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THEATER REVIEW : Females Under Siege : A debuting playwright has turned her experiences as a stripper into a raw drama.

August 13, 1993|RAY LOYND | SPECIAL TO THE TIMES

Imagine a stripper at the Star Garden in North Hollywood or at any of the fleshpots along Sepulveda Boulevard quitting her night job to create a scorching, honest play about the effects of taking it off for the yahoos in a strip joint.

That's exactly what debuting playwright Allyson Adams did. Adams, daughter of the late actor Nick Adams, used to bump and grind for a living in a mid-Gotham bar. But she was doing more than paying the rent. She was observing. And she has turned her experiences into a raw but searing drama about exploitation, double sexual standards and females under siege that is free of cliches and bawdily devoid of political correctness.

"Pink," at the American Renegade Theatre, developed in its Foundary program for original works, is, contrary to published reports (including by the playwright herself), definitely about sex--its power, its fantasy, its use, abuse and, finally, its relationship to love.

That may sound like a fearsome load, fraught with didactic danger. But Adams, working from the dank, murky dressing room and garish stage of a tacky strip club, has turned a stripper's squalor into a working metaphor for the quagmire of female identity and male domination.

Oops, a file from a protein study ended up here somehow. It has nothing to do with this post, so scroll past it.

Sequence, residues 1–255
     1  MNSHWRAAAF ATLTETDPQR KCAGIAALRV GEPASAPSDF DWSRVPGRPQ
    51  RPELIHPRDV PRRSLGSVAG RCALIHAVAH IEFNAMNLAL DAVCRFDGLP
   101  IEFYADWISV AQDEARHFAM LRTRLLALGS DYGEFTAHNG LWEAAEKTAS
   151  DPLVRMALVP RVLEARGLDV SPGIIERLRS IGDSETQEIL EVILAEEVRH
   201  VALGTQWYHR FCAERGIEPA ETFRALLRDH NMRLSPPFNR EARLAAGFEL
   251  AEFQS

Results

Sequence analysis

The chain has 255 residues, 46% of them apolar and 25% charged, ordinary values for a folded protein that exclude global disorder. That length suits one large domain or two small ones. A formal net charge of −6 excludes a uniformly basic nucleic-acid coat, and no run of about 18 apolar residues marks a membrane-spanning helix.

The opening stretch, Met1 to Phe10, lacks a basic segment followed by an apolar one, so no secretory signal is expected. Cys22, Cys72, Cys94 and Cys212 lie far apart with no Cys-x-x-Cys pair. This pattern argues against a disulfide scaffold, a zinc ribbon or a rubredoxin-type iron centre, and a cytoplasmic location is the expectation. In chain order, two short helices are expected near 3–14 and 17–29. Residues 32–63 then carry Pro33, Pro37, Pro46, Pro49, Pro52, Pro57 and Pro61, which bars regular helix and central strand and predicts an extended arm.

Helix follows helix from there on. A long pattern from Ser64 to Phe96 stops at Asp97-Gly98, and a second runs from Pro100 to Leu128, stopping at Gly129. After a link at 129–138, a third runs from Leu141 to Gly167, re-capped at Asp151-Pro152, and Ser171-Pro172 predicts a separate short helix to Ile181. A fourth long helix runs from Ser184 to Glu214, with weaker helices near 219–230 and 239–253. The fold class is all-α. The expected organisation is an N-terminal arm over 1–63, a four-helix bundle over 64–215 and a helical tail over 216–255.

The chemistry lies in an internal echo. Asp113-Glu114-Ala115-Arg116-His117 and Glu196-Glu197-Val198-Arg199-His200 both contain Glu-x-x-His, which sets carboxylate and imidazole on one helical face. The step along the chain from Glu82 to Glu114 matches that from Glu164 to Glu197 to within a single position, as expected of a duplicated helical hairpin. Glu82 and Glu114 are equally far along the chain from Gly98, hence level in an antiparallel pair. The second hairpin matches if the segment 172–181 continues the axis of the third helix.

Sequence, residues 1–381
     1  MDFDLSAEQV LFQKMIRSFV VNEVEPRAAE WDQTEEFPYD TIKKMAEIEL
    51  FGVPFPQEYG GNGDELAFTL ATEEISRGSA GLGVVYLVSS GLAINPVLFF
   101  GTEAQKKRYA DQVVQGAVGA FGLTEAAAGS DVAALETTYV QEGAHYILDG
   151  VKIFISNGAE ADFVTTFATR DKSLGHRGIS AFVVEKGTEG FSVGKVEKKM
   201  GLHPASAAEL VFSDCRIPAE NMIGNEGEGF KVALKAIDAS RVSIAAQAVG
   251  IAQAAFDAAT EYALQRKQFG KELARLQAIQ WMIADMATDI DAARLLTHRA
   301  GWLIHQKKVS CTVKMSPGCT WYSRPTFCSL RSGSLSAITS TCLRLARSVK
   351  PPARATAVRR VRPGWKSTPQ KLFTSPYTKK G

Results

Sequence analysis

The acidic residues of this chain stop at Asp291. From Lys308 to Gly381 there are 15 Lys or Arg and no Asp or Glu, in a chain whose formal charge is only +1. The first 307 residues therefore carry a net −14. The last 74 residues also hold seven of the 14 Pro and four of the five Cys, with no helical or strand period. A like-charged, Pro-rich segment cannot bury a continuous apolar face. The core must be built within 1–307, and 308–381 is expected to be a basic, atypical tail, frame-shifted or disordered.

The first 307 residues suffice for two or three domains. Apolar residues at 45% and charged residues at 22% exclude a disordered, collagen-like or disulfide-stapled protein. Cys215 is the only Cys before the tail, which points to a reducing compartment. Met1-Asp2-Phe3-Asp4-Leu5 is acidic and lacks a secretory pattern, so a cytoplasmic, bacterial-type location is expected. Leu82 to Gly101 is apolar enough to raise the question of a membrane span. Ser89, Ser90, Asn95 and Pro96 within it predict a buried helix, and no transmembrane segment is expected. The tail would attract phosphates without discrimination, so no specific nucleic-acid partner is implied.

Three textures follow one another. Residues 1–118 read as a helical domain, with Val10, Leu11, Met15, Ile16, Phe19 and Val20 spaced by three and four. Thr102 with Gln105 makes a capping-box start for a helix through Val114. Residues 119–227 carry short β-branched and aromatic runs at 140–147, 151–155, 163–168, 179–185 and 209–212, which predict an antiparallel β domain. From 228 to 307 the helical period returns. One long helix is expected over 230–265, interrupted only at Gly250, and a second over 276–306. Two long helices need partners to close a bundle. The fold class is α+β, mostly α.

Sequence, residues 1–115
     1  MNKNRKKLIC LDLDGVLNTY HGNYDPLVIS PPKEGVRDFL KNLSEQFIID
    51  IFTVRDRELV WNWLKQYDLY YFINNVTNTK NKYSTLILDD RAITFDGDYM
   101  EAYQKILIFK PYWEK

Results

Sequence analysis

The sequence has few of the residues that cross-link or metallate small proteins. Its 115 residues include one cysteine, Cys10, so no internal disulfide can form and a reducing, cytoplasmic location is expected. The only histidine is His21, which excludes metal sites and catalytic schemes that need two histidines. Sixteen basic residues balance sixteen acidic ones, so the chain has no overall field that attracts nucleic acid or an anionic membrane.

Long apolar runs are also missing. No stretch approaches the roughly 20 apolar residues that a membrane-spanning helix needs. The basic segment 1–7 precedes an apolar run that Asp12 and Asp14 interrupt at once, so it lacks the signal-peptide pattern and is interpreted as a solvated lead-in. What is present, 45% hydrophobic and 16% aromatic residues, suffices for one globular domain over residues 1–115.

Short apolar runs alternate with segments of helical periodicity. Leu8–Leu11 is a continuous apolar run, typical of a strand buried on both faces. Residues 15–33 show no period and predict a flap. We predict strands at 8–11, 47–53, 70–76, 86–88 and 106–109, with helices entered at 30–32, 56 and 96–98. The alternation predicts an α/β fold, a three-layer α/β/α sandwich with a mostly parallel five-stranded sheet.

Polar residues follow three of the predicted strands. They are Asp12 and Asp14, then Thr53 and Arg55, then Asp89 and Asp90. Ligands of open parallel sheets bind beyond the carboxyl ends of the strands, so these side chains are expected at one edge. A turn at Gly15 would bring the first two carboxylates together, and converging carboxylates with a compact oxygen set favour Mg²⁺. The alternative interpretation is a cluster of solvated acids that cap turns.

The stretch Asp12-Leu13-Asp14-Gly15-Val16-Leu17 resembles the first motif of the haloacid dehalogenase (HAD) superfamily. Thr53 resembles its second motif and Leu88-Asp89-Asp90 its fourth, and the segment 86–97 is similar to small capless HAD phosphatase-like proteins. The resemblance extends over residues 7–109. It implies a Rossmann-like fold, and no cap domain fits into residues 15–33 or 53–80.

And once these women start their dance routines, you can feel also their fleeting moment in the sun, the aggressive, even haughty beat of sexual power, fleeting and illusory as it is.

Some feminists, seeing the point of the play, will embrace it. But most will find its portraits of women hard to take.

"Pink" is insider stripper jargon for female genitalia. At one point, the three strippers laughingly mock one another backstage: "Show pink!"

The wit in the play supports its fierce tone, as when the central stripper, a cynical, riveting character named Brandy (played by Kelli Maroney, a Kim Basinger look-alike) impatiently complains about her bosses, cracking, "They never change the music on the jukebox. They're still playing 'Purple Rain'!"

Occasionally, in its softer moments, the dialogue is like gentle rainwater, as when the mellow club bartender (Willie Brown) tries to help the desperate Brandy carve a path out of her personal jungle with the soothing advice, "The bottom line is always desire. If you want it bad enough, you'll change."

Considering that director Gail Bearden is making her debut, the production is surprisingly sturdy, melodramatic twists notwithstanding. That's due to the play's uncompromising, unflinching X-rated toughness (not recommended for the frail of heart and mind) and to a set of vital performances, notably Maroney's Brandy, whose weathered and weary visage captures the depths of both anger and need.

Also crucial to the mood is the stark lighting design of Jeff Calderon.

On the downside, the production is too long, with some scenes either expendable (as in the opening Tarot card reading) or trimmable (such as Brandy's encounter with a club patron who's a meek and fascinated cross-dresser, wonderfully played by Gary Collier).

Structurally, the play segues too often into dream-like sequences that are well-written, but confuse and fragment its flow.

Of course, there's genuine stripping in the show, and this production pays more than lip service to the art that Gypsy Rose Lee and Lili St. Cyr very nearly made respectable.

And with how-to pointers from playwright Adams, the stripping is very professional-looking (occasionally erotic but never obscene).

Where and When What: "Pink." Location: American Renegade Theatre Foundary. 11305 Magnolia Blvd., North Hollywood. Hours: Friday, Saturday, 8 p.m., Sunday, 7 p.m. Ends Aug. 29. Price: $10-$12. Call: (213) 660-TKTS. Running time: 2 hours.

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